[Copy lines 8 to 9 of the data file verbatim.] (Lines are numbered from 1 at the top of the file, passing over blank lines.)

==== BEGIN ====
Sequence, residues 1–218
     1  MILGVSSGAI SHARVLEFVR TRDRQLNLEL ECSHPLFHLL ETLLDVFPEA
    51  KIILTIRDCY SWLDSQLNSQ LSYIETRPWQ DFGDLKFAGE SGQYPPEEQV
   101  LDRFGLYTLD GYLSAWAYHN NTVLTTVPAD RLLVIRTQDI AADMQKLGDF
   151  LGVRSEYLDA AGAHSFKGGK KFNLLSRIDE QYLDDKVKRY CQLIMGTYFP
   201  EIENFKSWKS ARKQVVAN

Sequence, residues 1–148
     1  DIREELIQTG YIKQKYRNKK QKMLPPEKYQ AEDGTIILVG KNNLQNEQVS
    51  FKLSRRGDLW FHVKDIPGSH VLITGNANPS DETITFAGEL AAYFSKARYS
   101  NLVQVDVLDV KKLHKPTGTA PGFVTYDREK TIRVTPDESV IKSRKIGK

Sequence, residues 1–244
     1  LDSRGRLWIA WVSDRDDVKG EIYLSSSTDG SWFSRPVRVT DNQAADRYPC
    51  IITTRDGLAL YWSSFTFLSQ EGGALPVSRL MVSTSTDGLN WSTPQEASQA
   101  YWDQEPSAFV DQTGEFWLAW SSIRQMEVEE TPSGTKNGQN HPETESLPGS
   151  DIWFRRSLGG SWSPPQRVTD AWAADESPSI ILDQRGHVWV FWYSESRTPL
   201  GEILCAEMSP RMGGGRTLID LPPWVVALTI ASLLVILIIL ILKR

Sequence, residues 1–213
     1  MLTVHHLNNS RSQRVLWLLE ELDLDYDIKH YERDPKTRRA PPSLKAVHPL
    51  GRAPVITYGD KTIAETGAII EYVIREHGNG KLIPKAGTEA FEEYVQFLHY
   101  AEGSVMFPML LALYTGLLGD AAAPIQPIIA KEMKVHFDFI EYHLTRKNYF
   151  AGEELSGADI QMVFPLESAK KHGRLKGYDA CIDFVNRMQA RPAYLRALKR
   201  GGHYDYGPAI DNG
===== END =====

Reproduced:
     1  DIREELIQTG YIKQKYRNKK QKMLPPEKYQ AEDGTIILVG KNNLQNEQVS
    51  FKLSRRGDLW FHVKDIPGSH VLITGNANPS DETITFAGEL AAYFSKARYS